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Sourdoughs to meet consumers’ expectations

A targeted selection of sourdoughs to meet consumers’ expectations

Sourdough is created in the amazing symbiotic relationship between lactic acid bacteria and yeast present on grain husks and in the “baking” environment. Used for over 8,000 years, this ferment was replaced at the beginning of the 20th century by yeast, which is easier to use. It is now returning to its former glory due to growing interest in more authentic and flavoursome foods.

Sourdoughs have a place in tradition thanks to their age-old character and the know-how specific to each region, developed over time. The traditional production of sourdough first requires the preparation of a sourdough starter, which is made during the spontaneous fermentation that takes place in a mixture of flour and water, regularly refreshed by adding more water and flour.

Sourdough Bread On A Table With A Knife

Originally developed through trial and error, knowledge of this ferment has gradually increased with science. Sourdough has become a controlled process that depends on making “a targeted selection of the type of yeasts and lactic acid bacteria. To date, more than 50 species of bacteria and 25 species of yeast have been identified in sourdoughs throughout the world,” explains Nicolas Zabukovec, head of training at Lesaffre’s ‘Baking Center™ Academy’. 

“The fermentation of these microorganisms improves bread products,” he adds. “In addition to aromatic particles and CO2, sourdough produces lactic acid, acetic acid and amino acids. This allows for the creation of more complex flavours that yeast alone could not produce.”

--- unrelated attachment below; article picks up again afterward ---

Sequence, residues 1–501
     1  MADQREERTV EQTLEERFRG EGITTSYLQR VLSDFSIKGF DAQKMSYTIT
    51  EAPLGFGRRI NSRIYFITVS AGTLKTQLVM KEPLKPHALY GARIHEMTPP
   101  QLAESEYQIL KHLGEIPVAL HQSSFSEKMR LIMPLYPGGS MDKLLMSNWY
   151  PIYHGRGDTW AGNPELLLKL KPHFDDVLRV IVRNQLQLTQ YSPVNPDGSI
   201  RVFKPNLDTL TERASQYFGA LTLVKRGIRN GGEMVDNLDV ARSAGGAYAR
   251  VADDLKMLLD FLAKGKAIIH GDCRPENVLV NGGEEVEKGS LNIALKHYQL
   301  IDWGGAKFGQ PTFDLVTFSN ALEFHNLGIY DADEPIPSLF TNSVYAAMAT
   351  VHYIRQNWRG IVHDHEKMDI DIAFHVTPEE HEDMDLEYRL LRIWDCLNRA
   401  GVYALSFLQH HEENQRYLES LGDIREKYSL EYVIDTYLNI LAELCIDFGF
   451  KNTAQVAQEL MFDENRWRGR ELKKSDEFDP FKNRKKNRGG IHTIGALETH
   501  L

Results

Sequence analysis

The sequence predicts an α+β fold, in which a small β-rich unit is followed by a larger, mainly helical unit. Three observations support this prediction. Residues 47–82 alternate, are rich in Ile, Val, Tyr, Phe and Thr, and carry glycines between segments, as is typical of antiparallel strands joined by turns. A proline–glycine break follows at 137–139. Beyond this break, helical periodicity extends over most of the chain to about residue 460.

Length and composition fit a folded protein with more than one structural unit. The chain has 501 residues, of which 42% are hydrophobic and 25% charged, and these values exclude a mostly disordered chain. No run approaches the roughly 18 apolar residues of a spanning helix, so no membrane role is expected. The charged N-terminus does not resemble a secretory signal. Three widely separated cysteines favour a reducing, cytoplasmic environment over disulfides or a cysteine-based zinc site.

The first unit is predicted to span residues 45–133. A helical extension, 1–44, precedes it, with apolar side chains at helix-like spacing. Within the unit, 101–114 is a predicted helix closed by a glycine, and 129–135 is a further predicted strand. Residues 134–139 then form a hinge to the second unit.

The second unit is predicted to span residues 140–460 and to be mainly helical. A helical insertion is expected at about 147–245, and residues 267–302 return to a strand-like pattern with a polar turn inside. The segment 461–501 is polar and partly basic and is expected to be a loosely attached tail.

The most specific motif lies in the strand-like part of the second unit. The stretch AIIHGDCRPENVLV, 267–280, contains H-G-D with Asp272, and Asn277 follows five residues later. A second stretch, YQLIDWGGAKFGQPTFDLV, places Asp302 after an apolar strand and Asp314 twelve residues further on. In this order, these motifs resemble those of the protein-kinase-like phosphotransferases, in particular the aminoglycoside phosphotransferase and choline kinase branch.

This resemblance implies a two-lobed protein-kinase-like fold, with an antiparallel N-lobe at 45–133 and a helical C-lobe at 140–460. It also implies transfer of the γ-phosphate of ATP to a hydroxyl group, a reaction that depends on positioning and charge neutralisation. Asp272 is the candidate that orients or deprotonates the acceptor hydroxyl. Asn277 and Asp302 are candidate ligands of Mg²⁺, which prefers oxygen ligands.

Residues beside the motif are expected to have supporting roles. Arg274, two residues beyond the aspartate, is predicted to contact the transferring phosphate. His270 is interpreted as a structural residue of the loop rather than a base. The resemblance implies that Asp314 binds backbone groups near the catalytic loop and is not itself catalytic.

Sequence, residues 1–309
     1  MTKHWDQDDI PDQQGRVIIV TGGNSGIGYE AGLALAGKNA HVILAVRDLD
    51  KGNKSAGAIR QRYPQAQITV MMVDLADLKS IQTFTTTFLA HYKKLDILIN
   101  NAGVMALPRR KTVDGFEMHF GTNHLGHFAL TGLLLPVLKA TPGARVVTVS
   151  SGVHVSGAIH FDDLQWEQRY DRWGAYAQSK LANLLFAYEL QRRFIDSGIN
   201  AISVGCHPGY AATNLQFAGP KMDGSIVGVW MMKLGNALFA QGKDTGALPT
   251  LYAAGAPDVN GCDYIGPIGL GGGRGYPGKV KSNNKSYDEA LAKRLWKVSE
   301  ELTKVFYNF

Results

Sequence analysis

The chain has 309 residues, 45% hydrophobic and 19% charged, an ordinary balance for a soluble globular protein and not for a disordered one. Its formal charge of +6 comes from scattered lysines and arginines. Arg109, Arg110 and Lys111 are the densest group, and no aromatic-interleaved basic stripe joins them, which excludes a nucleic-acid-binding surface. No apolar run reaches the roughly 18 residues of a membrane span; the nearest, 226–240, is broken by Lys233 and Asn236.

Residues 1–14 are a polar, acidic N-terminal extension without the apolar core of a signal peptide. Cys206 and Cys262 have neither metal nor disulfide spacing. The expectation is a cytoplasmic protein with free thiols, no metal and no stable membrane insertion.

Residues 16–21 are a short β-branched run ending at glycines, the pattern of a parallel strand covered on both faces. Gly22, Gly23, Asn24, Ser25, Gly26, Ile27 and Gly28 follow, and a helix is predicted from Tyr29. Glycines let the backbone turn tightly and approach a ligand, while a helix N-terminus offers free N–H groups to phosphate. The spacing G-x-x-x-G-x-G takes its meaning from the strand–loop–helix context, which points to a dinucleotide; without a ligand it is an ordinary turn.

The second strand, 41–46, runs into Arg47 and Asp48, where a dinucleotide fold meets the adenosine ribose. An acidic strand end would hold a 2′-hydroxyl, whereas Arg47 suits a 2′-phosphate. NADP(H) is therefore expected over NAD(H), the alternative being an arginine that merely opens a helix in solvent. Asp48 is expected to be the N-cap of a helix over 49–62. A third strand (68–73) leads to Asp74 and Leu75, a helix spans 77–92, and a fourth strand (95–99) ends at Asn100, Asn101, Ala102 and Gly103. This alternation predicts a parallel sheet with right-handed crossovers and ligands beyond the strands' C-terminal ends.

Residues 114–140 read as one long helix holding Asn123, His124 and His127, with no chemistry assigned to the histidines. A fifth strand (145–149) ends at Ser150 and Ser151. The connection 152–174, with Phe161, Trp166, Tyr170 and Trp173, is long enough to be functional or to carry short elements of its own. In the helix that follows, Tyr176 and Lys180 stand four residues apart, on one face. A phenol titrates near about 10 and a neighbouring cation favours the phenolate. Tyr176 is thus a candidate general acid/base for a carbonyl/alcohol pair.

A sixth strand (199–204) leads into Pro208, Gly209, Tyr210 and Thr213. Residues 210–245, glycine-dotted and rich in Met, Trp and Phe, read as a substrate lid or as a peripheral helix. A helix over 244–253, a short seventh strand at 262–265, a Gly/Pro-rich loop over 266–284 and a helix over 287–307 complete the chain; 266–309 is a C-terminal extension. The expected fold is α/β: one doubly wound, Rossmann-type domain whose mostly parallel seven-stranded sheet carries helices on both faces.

Benoit Demiselle, the son of an artisan baker and Lesaffre’s international technical adviser on sourdough, goes one step further, adding: “The taste that sourdough brings to bread depends on the synergy between the microorganisms, their growth conditions (temperature, hydration, fermentation time, frequency of nutrient addition), and the cereal used as a substrate. This requires discipline and specific know-how. Rye brings a slightly fruity taste of cooked prunes to sourdough, while barley and oats add a touch of spice. Durum wheat rounds out the flavour in the mouth, making it buttery and milky, like pancake batter, and buckwheat brings a powerful taste of hay and cut grain that is found in specialty breads.”

Sourdoughs with multiple benefits

According to the technical expert, in addition to providing these fruity and spicy flavours, sourdough also keeps bread fresher for longer. “Its low pH and acidity slow down the growth of mould,” explains Benoit Demiselle. Although regulations on sourdough differ from country to country, they are very strict in France to protect the baking profession. “After fermentation, sourdough bread must have a maximum pH of 4.3 and an acetic acid content of 900 ppm per kg.”

The acidity associated with long fermentations supposedly also improves the nutritional benefits of sourdough bread products. Several scientific studies show that the quality of the crumb of these sourdough products and their natural acidity help reduce insulin spikes. “As such, the glycaemic index of sourdough bread products is lower,” says Nicolas Zabukovec. As a flavour enhancer, sourdough also helps to reduce the amount of salt and sugar in bread products. Furthermore, this acidity resulting from the activity of the bacteria enables the activation of an enzyme: phytase. By destroying the phytates present in cereal husks, it releases precious minerals which are then made bioavailable to the body. Lastly, sourdough reorganises the gluten network of bread, modifying its texture to produce a springier crumb that stays fresher for longer.